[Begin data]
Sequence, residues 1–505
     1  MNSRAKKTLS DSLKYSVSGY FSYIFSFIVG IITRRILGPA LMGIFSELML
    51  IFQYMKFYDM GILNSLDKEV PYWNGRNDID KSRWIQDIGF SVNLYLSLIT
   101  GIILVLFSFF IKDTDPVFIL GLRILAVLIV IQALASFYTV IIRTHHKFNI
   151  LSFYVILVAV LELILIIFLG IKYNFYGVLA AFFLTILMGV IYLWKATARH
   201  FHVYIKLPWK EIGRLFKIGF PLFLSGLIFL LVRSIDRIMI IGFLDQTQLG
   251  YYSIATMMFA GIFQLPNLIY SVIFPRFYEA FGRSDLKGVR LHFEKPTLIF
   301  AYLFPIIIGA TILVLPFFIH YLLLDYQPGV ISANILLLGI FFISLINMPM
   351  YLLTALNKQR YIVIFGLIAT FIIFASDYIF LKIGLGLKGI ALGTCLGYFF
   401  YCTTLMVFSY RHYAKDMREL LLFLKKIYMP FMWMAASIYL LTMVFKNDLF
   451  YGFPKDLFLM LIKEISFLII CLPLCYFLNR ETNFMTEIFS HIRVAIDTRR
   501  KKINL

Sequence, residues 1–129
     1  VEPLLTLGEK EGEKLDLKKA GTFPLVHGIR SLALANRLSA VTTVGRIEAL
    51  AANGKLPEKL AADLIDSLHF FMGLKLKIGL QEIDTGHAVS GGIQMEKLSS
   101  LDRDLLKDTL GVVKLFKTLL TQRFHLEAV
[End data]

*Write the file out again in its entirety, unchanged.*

Sequence, residues 1–505
     1  MNSRAKKTLS DSLKYSVSGY FSYIFSFIVG IITRRILGPA LMGIFSELML
    51  IFQYMKFYDM GILNSLDKEV PYWNGRNDID KSRWIQDIGF SVNLYLSLIT
   101  GIILVLFSFF IKDTDPVFIL GLRILAVLIV IQALASFYTV IIRTHHKFNI
   151  LSFYVILVAV LELILIIFLG IKYNFYGVLA AFFLTILMGV IYLWKATARH
   201  FHVYIKLPWK EIGRLFKIGF PLFLSGLIFL LVRSIDRIMI IGFLDQTQLG
   251  YYSIATMMFA GIFQLPNLIY SVIFPRFYEA FGRSDLKGVR LHFEKPTLIF
   301  AYLFPIIIGA TILVLPFFIH YLLLDYQPGV ISANILLLGI FFISLINMPM
   351  YLLTALNKQR YIVIFGLIAT FIIFASDYIF LKIGLGLKGI ALGTCLGYFF
   401  YCTTLMVFSY RHYAKDMREL LLFLKKIYMP FMWMAASIYL LTMVFKNDLF
   451  YGFPKDLFLM LIKEISFLII CLPLCYFLNR ETNFMTEIFS HIRVAIDTRR
   501  KKINL

Sequence, residues 1–129
     1  VEPLLTLGEK EGEKLDLKKA GTFPLVHGIR SLALANRLSA VTTVGRIEAL
    51  AANGKLPEKL AADLIDSLHF FMGLKLKIGL QEIDTGHAVS GGIQMEKLSS
   101  LDRDLLKDTL GVVKLFKTLL TQRFHLEAV